The NHL introduced the shootout along with many other rule changes to increase "excitement" and scoring after the lockout in 2005. The shootout certainly does bring excitement and fortunately they do continue to honor the integrity of the game by keeping it out of the playoffs. However, it has still become the center of controversy. In fact, as recently as 2010, it pretty much determined whether or not a team was in the playoffs or out of the playoffs.
Philadelphia and New York played on the last day of the regular season. The winner of the game made the playoffs. The game was tied going into overtime and stayed tied. Therefore, it went to a shootout. Philadelphia ended up winning and went into the playoffs as the 7th seed. They would go on to make the Eastern Conference Finals. All that happened because they won a skills competition. Is that fair?
Whether or not you agree with the shootout's existence, it has changed the way the game is played forever. The shootout, along with the way it affects the standings, has changed the game. Now, teams don't play their heart out at the end of the game to score because they know they don't have to. All they have to do is send the game to overtime and they automatically get a point. Maybe they'll get lucky if they can hold out to the shootout—a 50/50 chance of winning.
For years, basketball was a game that was made for big men. There was no such thing as "3 point specialists" or outside shooters. Most players either played inside or around the free throw line. It enabled players like George Mikan to dominate. For years, the only "three point field goal" was when you made a basket while getting fouled and hitting the free throw that followed. That play still exists today, but there's an easier way to score three points now.
The idea of the 3-point shot had been around for decades before it's inception, but it was never actually implemented permanently until the American Basketball Association introduced it in 1968. Along with the slam dunk, the 3-point shot made the ABA an extremely popular and successful league. The NBA didn't have the 3-point shot and for this reason, the ABA stole some of the NBA market.
The NBA finally added a 3-point line (23 feet, 9 inches) in the 1979-1980 season and many other leagues followed them shortly thereafter. The NCAA's Southeastern Conference became the first college conference to use a 3-point line (22 feet) in 1980. It became a national staple in 1986, but was shortened to 19 feet, 9 inches as opposed to 22. FIBA, an international basketball league, also implemented the 3-point line in 1984 at 6.25 meters.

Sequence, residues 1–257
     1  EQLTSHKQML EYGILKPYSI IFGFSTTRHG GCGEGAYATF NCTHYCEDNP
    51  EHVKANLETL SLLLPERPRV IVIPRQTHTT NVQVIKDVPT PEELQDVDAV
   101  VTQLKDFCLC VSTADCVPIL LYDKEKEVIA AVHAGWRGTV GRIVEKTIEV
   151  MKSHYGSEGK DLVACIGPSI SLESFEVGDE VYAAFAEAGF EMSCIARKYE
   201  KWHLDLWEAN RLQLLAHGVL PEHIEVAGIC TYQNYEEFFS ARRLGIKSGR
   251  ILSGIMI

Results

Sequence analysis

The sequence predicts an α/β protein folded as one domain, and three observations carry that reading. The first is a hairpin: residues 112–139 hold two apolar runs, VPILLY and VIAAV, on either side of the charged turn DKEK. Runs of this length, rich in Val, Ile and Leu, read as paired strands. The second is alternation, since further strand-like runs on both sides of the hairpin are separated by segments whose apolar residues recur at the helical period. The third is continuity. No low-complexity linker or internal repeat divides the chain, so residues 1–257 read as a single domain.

Since the creation of the 3-point line, basketball has become a much more enjoyable sport to watch. Many teams actually add players to their roster for the specific purpose of being a 3-point specialist. Players such as Reggie Miller, Ray Allen, Peja Stojaković and Dale Ellis have even made careers off of being all-time great three-point shooters.
There have been many adjustments to the 3-point line to make the game better over the years. In 1994, the NBA shortened the 3-point line to 22 feet to decrease scoring. But this failed, so they reverted back to 23 feet, 9 inches in 1997. In 2007, the NCAA moved the 3-point line to 20 feet, 9 inches. FIBA moved it out to 6.75 meters in 2008.
When Major League Baseball expanded to 28 teams, they could no longer continue with their old format of two rounds. It was even worse when they just had one team from each league make the playoffs and compete for the World Series. Who's to say what way is better though? The creation of the current playoff system has been a big change for the game and has shaped the way the game is played and followed.
In 1994, MLB introduced a new playoff system where each league would have three divisions (East, Central, West) and four playoff spots. Each division winner would secure a playoff spot and the team with the next best record who did not win a division would get the 4th spot. That spot would be forever known as the "Wild Card". It made it so that teams wouldn't give up just because one or two teams dominated the regular season. It also enabled teams who were in tough divisions with big market teams (such as anybody in the Yankees' division) to make the playoffs even if they didn't win the division.
Since the creation of the eight playoff team system with the "Wild Card", the "Wild Card" team has won the World Series four times. Those teams are the 1997 Florida Marlins, 2002 Anaheim Angels, 2003 Florida Marlins and 2004 Boston Red Sox. In fact, in 2002, the Anaheim Angels and San Francisco Giants were both wild card teams.